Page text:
Around two million voters have cast their ballots in one of the most uncertain general elections in Ireland’s recent political history.
As polling stations closed at 10pm last night political parties were estimating around two-thirds of the 3.3 million-strong electorate had voted.
Turnout was uneven across the regions with booths in rain-sodden parts of Cork and Waterford much less busy than other areas during the day.
Reports also suggest that turnout in urban areas was down on the 2011 general election, when it was 70 per cent nationally.
Counting was due to begin around first light this morning.
As the electorate increasingly turns away from mainstream parties to smaller factions and independents, a hung parliament is widely predicted.
Such is the voter schism it threatens to blow apart a duopoly enjoyed for more than 80 years by the currently ruling Fine Gael party and the main Opposition party Fianna Fail.
Bitter rivals since Ireland’s civil war – despite little significant difference in their conservative policies – the pair who swapped power for generations may be forced into a historic “grand coalition”.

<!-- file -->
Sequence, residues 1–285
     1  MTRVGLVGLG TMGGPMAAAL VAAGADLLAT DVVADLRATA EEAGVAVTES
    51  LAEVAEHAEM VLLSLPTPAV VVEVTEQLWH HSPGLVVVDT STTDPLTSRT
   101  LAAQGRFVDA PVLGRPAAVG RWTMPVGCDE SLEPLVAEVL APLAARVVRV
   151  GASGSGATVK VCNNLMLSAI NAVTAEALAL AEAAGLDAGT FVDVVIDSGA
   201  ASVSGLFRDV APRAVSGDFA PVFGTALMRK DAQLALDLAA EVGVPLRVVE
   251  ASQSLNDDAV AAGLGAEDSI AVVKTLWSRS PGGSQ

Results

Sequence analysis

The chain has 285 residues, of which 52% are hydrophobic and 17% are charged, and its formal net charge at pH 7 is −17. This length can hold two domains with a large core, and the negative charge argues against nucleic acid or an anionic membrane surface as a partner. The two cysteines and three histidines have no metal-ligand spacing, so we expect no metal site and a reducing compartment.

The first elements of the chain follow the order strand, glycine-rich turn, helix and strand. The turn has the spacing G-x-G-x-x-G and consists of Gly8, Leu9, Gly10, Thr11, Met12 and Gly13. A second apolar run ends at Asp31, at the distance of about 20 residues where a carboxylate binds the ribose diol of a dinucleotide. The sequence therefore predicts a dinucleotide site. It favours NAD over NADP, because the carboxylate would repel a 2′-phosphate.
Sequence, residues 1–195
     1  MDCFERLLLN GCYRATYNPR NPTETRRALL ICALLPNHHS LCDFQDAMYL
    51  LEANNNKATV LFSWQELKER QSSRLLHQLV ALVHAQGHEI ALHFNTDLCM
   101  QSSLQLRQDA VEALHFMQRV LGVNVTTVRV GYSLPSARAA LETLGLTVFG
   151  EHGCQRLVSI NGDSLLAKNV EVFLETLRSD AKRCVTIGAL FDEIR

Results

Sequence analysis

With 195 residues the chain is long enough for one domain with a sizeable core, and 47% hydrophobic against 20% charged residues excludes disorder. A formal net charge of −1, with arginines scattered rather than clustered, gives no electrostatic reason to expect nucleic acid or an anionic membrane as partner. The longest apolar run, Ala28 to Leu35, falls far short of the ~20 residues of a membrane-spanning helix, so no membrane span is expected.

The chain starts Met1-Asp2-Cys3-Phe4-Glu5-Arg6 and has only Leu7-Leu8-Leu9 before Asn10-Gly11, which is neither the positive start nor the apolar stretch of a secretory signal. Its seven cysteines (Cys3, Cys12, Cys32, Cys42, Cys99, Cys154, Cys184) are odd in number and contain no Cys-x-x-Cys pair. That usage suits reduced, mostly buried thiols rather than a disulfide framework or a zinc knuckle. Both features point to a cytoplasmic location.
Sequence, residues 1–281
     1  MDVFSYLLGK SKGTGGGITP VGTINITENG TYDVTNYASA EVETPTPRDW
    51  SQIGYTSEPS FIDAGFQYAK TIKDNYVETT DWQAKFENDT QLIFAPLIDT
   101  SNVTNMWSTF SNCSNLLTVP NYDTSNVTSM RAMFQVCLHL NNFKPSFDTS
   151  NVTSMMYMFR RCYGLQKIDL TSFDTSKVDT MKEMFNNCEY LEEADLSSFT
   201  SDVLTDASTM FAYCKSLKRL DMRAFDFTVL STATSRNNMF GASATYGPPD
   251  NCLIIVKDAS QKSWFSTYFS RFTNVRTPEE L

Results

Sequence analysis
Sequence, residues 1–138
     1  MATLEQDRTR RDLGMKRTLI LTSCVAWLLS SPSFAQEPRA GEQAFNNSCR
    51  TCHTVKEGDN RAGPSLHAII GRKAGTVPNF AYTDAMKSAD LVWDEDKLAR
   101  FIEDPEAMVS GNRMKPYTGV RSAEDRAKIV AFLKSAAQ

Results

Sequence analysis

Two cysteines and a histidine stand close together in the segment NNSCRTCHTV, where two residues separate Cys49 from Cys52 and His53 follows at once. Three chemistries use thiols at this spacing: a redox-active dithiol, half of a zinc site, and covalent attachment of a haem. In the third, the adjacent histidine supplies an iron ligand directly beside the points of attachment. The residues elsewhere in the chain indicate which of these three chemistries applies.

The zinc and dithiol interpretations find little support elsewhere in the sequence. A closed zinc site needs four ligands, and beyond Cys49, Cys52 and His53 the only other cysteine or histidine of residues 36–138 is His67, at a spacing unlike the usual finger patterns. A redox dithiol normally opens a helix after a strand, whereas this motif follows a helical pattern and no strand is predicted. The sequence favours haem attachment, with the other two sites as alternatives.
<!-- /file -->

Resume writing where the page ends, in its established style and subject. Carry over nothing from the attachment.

The coupling would have been unspeakable among their rank and file just years ago but is now hotly tipped by pollsters and pundits as the odds-on favourite outcome.
The tectonic shift could also open a definitive right/left divide in Ireland’s parliament, the Dail, for the first time since the foundation of the State.
Opinion polls show little chance of the outgoing Fine Gael/Labour coalition being returned to power on their own.
After five years of bruising austerity, Labour would need to defy predictions of big losses at the ballot box to help make up the numbers.
Other possibilities include a minority Fine Gael government, supported by arch-enemies Fianna Fail, or a rainbow coalition of Fine Gael, Labour and some smaller parties.
Once a clear picture emerges from the weekend counting of votes, the parties will have until March 10 – when the Dail is scheduled to resume – to forge a power-sharing deal.
The spectre of a second election will loom over any uncertainty.
Despite being the shortest general election campaign in Irish political history, it was a drawn-out, lacklustre three weeks that generally failed to ignite the imagination of the population.
More than 550 candidates are fighting in 40 constituencies for just 158 Dail seats.
With eight fewer seats than last time around, the competition will be particularly intense in some constituencies who are down a representative.
Islanders off the coasts of Donegal, Mayo and Galway voted on Thursday to make sure their ballots were back in time for the count.
Sinn Fein president Mr Adams said he was not taking the election for granted as he arrived at the Dulargy National School polling station in Ravensdale, Co Louth.
“We stand on our record and we call upon people to come out,” he said. “There’s no point not voting – if you don’t vote it’s a sure vote for the establishment parties.”